This was my laptop desktop image during my year in the MFA. Jordan put it on my computer, and it reminded me 1) that I have a cool husband and 2) to keep dreaming big.

Watched Life Aquatic again, years after watching it for the first time. First, I have to say — I forgot how SAD it was. When we hit play, I did not expect to have my face drenched in tears before it ended. Somehow I’d completely blocked the sad part out of my memory and it came as a pretty big shock.

But the sad part is really not what I wanted to talk about. When I think about Wes Anderson as a director, what stands out the most are his exaggerated characters, his eye-popping production design, his picture-book-like cinematography. It’s all so noticeable and loud (and always so pleasing to the eye on so many levels), but watching Life Aquatic this time reminded me where Wes’ genius really lies:

Even though his characters are always so bigger-than-life and so odd, the relationships between characters—what’s going on between them—is handled more subtlely. It’s not that you can’t see the filmmaker’s hand there too. Just like everything you see on screen, just about every word feels like it’s there for a purpose. It’s definitely scripted.

The genius of it though, I think, is that to understand what the story is really about, you have to look past all the oh-so-satisfying “noise” of the production and examine the story being told in the tension between sentences, in the direction of someone’s gaze, in what’s not being said.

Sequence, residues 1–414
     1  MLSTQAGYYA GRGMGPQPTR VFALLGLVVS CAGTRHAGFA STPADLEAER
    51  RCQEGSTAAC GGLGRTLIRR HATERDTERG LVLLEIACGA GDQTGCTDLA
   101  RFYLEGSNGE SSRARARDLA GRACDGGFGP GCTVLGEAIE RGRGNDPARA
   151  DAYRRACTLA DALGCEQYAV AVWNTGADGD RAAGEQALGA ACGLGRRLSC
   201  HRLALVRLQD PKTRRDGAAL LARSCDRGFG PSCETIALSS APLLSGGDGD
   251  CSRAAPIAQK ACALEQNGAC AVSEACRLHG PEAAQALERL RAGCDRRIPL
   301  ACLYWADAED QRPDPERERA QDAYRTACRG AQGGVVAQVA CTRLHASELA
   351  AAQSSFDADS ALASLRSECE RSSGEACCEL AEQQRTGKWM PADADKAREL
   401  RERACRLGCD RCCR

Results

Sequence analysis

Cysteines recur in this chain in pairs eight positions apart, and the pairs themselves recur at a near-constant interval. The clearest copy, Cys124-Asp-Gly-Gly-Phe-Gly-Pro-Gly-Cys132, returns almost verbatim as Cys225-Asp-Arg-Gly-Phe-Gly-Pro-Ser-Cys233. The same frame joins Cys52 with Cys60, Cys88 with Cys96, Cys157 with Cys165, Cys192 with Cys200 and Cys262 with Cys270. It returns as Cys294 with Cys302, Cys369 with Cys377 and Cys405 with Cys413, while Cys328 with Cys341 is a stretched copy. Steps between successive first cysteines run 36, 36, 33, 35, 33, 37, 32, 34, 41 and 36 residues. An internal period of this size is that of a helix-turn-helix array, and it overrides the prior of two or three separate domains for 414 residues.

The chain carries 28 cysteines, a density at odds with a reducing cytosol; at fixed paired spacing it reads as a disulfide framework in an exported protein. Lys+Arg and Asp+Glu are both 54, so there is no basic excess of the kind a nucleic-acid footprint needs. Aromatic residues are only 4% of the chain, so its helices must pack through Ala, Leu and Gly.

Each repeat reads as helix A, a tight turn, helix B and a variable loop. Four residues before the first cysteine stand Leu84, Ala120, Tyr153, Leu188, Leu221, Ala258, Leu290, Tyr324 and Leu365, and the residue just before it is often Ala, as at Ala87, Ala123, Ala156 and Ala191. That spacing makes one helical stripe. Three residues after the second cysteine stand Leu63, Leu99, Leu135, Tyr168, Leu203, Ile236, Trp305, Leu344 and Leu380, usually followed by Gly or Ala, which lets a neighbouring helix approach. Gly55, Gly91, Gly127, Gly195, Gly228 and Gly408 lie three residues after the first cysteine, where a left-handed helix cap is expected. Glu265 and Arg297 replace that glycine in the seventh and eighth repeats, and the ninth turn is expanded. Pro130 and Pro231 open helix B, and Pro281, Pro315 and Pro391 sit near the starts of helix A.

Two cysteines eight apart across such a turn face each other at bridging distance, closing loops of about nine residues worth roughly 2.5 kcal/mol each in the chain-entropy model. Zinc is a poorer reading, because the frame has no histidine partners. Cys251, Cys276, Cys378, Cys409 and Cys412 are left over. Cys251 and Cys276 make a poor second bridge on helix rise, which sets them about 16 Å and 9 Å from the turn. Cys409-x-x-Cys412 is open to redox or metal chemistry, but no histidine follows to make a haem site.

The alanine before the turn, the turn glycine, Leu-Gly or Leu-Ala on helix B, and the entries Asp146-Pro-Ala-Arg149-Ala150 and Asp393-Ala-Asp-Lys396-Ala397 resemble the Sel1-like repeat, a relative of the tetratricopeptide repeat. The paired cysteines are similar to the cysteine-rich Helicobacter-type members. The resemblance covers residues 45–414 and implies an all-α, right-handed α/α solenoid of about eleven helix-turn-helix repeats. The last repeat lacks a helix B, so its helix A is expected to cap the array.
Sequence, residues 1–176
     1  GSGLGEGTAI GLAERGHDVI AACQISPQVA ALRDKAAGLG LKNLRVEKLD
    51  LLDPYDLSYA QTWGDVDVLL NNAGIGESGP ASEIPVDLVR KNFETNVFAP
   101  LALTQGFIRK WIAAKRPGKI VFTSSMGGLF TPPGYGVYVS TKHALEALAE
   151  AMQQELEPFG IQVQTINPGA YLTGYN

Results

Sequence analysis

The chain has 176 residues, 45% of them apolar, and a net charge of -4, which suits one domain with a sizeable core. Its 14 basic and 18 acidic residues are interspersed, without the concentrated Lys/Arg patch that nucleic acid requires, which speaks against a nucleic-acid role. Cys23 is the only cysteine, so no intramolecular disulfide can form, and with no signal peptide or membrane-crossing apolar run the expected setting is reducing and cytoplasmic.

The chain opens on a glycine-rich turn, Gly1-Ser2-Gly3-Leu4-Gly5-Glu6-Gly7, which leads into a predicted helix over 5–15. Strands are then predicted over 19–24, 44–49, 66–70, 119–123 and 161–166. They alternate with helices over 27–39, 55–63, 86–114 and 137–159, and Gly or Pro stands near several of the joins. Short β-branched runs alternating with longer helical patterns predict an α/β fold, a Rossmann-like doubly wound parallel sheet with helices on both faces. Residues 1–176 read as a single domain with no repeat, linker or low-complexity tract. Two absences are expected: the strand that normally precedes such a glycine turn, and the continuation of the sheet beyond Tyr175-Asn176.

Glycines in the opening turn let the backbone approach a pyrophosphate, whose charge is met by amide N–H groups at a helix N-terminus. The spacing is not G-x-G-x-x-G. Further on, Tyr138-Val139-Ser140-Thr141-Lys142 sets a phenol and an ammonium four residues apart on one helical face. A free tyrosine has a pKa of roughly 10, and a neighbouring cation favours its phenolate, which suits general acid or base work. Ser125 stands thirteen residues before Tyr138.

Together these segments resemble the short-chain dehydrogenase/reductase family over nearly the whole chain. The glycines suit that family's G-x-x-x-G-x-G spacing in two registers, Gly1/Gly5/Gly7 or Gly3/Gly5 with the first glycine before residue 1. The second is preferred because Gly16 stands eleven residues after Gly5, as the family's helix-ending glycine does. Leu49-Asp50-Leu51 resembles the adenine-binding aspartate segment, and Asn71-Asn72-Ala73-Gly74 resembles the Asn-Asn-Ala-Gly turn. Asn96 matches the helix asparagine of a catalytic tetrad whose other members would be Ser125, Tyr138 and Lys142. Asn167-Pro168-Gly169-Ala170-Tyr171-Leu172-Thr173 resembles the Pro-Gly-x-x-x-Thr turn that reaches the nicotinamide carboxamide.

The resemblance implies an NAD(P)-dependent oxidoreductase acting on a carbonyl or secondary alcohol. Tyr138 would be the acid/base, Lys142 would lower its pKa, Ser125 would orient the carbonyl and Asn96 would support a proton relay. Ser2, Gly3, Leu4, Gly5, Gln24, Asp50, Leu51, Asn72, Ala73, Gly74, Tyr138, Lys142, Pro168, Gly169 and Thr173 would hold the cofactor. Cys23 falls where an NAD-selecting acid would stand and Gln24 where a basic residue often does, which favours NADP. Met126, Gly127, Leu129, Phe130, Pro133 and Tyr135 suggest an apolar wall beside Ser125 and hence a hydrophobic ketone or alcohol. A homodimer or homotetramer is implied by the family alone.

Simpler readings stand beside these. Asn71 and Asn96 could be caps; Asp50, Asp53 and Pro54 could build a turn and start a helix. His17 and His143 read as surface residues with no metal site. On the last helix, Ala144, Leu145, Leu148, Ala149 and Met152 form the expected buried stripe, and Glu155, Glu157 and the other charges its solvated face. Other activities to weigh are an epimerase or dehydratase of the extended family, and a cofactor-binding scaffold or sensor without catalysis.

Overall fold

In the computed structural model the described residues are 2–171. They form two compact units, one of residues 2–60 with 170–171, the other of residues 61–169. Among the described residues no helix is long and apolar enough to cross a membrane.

That’s one reason that several days after watching what might come across to some people as a silly, weird little movie, I am still thinking about the equally silly and weird characters and contemplating what it is that they’ve taught me about life and myself.

 

Warm Bodies(es): Two Stories I Wouldn’t Want to Live Without

WarmBodiesPosterAfter going goo-goo over the Warm Bodies film, I finally read the book and am kind of blown away by the fact that although the two versions may include a lot of the same events—may even feature some of the exact same dialogue—they couldn’t have felt more different. It’s almost like two completely different stories and I love, love, LOVE that they both exist.

The movie = charming, funny, touching.

The book = introspective, melancholy, complicated.

Mood-wise, the film feels more like a Nick Hornby and the book leans toward, um, maybe a Cormac McCarthy feel?

The thing is that though the two versions are different from each other, in the end they’re both about the same thing: love, what it means to be human, what it means to have hope. But while they use essentially the same characters and the same plot, they explore their themes from different perspectives and this is fascinating and lovely to me. It says something about stories, how alive they can be and how they can grow and change depending on who’s telling the story, whose reading/watching/listening to it, and when.

And we need different perspectives in the world, different renditions of the same story. It teaches us more about ourselves and it’s one thing that keeps us civilized.

So thank you, Isaac Marion, for writing the book and thank you, Jonathan Levine (and associates), for making the movie. I’m so glad I live in a world with both of them.